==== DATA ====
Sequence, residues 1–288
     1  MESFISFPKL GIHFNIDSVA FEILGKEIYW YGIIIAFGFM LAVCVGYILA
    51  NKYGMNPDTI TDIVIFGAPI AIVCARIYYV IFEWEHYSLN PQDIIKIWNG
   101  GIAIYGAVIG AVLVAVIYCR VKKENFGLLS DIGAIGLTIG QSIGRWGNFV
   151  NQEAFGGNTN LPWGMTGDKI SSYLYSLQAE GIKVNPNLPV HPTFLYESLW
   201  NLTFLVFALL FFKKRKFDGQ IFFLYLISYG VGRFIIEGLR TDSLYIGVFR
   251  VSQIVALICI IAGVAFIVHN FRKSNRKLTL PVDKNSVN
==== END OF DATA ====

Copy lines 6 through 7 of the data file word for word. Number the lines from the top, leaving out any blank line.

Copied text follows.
   201  NLTFLVFALL FFKKRKFDGQ IFFLYLISYG VGRFIIEGLR TDSLYIGVFR
   251  VSQIVALICI IAGVAFIVHN FRKSNRKLTL PVDKNSVN